Am I speakin' your language. I have yet to find a mom whose child shares similar symptoms. And let me TELL YA, I've been looking? ; )

If you want to talk more, I am here : ) Wonder what you feel the causes could have been? Not that it matters, but my suspicions:

My age (38 at birth)
Lived near a freeway (signs about birth defects were posted on our neighborhood gate!)
Cortisone shot during pregnancy
Close pregnancy (17 mo apart)
Big baby, 10lbs: Shoulder dystocia, pressure and traction used
Knot in Cord
Vaccines: One month after 6mo vaccines his eyes went lazy and we noticed he wasn't holding his head up in carseat.


February 28, 2011 | Unregistered CommenterLaurin Flowers

My nephew is autistic. I've been urging my sister-in-law to look into the nutritional aspects, I'd love to be able to give this to her!

February 28, 2011 | Unregistered CommenterKaren

My son with autism has been GFCFSF for two years. He's made wonderful progress. He's a straight A student with great social skills.

I'm friending or liking on Facebook, too. Thanks!

February 28, 2011 | Unregistered CommenterCheryl

I am a huge believer in special diets for autism. Our son is a completely different child thanks to being gluten-free and casein-free. He is so much more focused now and does not have nearly the level of gut problems he had before the diet. I'm discovering that I have several food intolerances as well that contribute to joint pain, brain fog and many other symptoms, so I'm benefiting from some of the same things that we're using to help our son. Autism is much more than a "brain disorder". Special diets are definitely worth looking into.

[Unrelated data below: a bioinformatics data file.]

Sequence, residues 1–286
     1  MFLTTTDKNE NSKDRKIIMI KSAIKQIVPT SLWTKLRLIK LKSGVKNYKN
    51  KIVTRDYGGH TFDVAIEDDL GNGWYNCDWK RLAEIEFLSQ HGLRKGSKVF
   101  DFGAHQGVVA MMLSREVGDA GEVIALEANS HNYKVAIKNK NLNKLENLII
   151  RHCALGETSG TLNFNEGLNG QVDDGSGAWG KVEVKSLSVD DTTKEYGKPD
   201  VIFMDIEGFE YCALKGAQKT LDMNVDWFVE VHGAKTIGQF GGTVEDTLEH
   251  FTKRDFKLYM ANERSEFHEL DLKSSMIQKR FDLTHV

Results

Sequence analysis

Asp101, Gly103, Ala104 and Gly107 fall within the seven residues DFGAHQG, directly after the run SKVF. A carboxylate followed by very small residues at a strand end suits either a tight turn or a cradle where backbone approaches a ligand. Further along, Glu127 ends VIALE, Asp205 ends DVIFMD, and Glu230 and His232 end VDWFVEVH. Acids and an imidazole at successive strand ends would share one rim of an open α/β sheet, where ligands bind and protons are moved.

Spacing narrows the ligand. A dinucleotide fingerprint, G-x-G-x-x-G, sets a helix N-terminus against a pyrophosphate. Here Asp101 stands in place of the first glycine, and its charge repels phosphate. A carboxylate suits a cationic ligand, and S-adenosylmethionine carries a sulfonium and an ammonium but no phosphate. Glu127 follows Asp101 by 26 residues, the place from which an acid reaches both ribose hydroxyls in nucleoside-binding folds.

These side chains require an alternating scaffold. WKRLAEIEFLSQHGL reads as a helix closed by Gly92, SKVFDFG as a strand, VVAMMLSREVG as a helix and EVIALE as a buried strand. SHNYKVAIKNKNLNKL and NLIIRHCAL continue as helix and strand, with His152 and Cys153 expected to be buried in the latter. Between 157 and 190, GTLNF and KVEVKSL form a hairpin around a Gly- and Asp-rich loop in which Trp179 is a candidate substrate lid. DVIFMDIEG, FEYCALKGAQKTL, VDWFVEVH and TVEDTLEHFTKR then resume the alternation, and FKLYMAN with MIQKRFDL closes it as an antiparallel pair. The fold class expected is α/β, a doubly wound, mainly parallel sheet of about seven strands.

February 28, 2011 | Unregistered CommenterMelissa

Hi! I've been a friend of Julie's on FB for a while now. I have borrowed her book once from TACA, but its something I could use regularly. I'd love to have Julie's resources to refer to. My child has been off gluten, casein, and several other foods for quite some time. Please include me in the giveaway. Thanks!

March 1, 2011 | Unregistered CommenterDeepa

I am looking forward to reading your website and download ebook to start with. We have learned that my son has autism and we are starting to figure some foods and ingredients that he is sensitive to. We have a lot to learn. I followed you on FB. I couldn't friend you for some reason.

January 2, 2014 | Unregistered CommenterBecky